A Kiwi climate scientist says he's been alarmed at how much sea ice the planet's poles lost in 2016, in what was one of the hottest years on record.
Dr James Renwick of Victoria University has been tracking levels of sea ice in the Arctic and Antarctica, where, as 2017 dawned, more than one million square kilometres of ice was missing when compared with the historical average.
Renwick said sea ice extent had been more than two million square kilometres below normal every day since September 1, according to the Sea Ice Index published by the US-based National Snow and Ice Data Centre.
Over a 76-day stretch between October 13 and December 27, more than three million square kilometres of ice were missing.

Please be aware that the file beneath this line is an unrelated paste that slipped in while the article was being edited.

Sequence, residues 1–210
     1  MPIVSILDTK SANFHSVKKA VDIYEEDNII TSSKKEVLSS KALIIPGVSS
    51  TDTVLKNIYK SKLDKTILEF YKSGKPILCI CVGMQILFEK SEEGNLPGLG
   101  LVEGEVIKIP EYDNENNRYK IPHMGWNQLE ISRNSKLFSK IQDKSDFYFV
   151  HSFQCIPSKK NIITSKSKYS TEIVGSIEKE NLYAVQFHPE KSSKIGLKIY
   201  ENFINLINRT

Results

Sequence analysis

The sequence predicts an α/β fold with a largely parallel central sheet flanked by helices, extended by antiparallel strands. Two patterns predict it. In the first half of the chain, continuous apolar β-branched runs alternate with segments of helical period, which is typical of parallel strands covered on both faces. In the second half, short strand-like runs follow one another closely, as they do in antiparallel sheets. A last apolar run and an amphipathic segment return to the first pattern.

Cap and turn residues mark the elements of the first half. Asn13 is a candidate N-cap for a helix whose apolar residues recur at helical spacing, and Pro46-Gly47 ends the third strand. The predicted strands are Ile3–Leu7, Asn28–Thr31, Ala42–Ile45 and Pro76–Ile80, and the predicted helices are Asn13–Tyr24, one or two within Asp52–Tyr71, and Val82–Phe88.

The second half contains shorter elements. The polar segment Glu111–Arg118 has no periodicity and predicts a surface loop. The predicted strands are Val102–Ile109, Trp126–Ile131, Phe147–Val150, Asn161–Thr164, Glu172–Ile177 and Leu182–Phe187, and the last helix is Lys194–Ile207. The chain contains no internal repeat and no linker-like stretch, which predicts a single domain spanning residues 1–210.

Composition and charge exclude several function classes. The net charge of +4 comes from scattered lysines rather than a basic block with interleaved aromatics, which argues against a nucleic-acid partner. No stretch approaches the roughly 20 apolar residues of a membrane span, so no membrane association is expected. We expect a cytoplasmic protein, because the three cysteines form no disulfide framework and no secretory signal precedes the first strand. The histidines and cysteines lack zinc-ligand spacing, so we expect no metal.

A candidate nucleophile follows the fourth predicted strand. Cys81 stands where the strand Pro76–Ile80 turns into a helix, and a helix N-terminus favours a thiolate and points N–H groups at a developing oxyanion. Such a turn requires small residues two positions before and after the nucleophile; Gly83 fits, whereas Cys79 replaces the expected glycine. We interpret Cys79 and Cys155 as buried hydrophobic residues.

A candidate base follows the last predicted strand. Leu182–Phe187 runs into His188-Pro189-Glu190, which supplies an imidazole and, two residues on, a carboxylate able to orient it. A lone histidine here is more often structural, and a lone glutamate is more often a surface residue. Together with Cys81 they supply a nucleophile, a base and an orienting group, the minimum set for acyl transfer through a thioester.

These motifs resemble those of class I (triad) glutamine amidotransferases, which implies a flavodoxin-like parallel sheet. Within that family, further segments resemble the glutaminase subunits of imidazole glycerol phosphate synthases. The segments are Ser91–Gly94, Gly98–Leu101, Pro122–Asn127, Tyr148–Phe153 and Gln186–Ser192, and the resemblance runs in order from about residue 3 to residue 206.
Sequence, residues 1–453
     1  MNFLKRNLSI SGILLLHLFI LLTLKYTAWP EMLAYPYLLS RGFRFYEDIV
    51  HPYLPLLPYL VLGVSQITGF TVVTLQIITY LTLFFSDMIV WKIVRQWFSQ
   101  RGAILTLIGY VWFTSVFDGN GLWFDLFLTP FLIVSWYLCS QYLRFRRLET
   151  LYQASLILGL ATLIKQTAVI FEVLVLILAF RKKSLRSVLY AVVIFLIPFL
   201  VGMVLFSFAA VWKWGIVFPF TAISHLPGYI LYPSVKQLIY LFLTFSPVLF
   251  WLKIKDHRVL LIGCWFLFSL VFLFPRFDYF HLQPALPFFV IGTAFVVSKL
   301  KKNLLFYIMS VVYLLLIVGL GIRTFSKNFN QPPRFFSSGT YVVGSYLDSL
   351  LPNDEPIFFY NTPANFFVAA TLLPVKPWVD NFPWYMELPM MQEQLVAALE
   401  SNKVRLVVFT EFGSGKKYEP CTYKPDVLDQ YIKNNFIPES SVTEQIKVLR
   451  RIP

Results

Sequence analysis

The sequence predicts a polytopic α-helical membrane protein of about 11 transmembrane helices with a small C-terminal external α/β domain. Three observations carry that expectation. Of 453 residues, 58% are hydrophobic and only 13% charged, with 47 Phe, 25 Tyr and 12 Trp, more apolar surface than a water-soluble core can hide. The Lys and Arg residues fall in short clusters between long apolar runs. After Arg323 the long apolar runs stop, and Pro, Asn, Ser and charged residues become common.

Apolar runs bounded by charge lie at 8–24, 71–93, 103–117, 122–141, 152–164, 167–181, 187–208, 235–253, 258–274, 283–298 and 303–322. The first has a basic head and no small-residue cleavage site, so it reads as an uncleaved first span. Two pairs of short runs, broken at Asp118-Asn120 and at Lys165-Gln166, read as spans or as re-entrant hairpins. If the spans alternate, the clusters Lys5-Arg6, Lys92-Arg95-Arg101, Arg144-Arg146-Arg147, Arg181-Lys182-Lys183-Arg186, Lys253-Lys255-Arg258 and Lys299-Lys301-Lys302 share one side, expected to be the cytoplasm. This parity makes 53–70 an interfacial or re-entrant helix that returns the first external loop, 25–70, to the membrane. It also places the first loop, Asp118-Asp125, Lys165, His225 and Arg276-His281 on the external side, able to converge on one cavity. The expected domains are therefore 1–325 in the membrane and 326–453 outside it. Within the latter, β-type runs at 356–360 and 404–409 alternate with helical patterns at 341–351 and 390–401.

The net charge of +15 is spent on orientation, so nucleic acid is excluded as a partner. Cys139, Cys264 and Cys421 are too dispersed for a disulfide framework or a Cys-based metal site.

Although overall ice extent had been below average at both poles, the picture in the Arctic has been much clearer and more dramatic over time.
There, the rate of loss was much more rapid - it now had 40 per cent less ice in late summer than it did in the 1980s.
Meanwhile, Antarctica overall saw around 4 per cent more sea ice in winter, up to 2014.
In the past two years, however, sea ice has been in decline around the frozen continent, with the extent falling to record lows in the last few months of the year.
In the Northern Hemisphere, the sea extent had been close to record low levels on most days in 2016, and, as winter advanced, ice extent decreased three separate times at a time ice should have been growing.
"So, after the sun went down and the Arctic ocean became dark and cold, even then, sea ice managed to melt, which is pretty remarkable."